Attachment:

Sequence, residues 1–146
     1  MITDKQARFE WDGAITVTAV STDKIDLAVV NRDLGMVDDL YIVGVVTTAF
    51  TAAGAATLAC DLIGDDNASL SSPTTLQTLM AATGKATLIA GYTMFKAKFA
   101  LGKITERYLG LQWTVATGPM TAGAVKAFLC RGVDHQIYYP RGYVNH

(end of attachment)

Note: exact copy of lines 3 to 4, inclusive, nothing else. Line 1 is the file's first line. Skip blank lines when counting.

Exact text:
    51  TAAGAATLAC DLIGDDNASL SSPTTLQTLM AATGKATLIA GYTMFKAKFA
   101  LGKITERYLG LQWTVATGPM TAGAVKAFLC RGVDHQIYYP RGYVNH